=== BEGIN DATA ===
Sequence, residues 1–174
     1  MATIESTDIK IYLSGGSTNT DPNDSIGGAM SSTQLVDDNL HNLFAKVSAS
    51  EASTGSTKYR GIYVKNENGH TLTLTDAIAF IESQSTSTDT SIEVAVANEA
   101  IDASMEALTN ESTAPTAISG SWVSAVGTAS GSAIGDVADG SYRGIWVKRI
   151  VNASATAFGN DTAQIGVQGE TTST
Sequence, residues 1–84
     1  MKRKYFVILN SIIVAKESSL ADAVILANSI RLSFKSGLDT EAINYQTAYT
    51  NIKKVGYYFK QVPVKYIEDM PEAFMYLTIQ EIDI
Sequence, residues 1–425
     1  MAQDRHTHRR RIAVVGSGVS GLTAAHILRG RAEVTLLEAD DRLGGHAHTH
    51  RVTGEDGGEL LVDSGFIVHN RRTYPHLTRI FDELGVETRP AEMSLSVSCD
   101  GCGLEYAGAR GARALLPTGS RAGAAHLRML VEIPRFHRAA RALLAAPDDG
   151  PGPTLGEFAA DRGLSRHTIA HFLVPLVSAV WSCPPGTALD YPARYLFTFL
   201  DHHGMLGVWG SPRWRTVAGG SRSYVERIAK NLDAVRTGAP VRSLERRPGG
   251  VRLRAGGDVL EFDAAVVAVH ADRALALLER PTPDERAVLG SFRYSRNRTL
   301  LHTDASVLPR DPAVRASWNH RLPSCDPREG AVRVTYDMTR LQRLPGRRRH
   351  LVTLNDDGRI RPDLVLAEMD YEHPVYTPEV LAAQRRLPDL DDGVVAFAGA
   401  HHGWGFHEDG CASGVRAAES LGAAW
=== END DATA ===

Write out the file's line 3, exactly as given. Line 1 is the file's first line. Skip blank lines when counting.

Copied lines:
    51  EASTGSTKYR GIYVKNENGH TLTLTDAIAF IESQSTSTDT SIEVAVANEA